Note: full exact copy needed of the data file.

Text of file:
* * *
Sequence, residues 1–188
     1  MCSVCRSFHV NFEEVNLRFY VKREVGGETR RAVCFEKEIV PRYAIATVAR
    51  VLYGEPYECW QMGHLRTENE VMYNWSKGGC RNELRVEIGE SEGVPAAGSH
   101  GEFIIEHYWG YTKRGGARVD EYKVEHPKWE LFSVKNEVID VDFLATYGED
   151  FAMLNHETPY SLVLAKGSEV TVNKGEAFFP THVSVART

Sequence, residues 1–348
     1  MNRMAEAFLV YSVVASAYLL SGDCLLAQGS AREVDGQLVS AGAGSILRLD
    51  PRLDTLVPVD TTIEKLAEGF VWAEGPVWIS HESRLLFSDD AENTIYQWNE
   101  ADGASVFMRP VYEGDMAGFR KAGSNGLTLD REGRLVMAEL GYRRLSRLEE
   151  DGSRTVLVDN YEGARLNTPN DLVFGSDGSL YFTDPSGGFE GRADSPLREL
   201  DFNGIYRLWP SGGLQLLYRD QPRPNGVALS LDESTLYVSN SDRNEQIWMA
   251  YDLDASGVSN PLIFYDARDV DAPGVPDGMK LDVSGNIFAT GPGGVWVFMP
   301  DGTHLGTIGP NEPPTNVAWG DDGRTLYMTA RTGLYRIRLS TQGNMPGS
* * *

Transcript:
Sequence, residues 1–188
     1  MCSVCRSFHV NFEEVNLRFY VKREVGGETR RAVCFEKEIV PRYAIATVAR
    51  VLYGEPYECW QMGHLRTENE VMYNWSKGGC RNELRVEIGE SEGVPAAGSH
   101  GEFIIEHYWG YTKRGGARVD EYKVEHPKWE LFSVKNEVID VDFLATYGED
   151  FAMLNHETPY SLVLAKGSEV TVNKGEAFFP THVSVART

Sequence, residues 1–348
     1  MNRMAEAFLV YSVVASAYLL SGDCLLAQGS AREVDGQLVS AGAGSILRLD
    51  PRLDTLVPVD TTIEKLAEGF VWAEGPVWIS HESRLLFSDD AENTIYQWNE
   101  ADGASVFMRP VYEGDMAGFR KAGSNGLTLD REGRLVMAEL GYRRLSRLEE
   151  DGSRTVLVDN YEGARLNTPN DLVFGSDGSL YFTDPSGGFE GRADSPLREL
   201  DFNGIYRLWP SGGLQLLYRD QPRPNGVALS LDESTLYVSN SDRNEQIWMA
   251  YDLDASGVSN PLIFYDARDV DAPGVPDGMK LDVSGNIFAT GPGGVWVFMP
   301  DGTHLGTIGP NEPPTNVAWG DDGRTLYMTA RTGLYRIRLS TQGNMPGS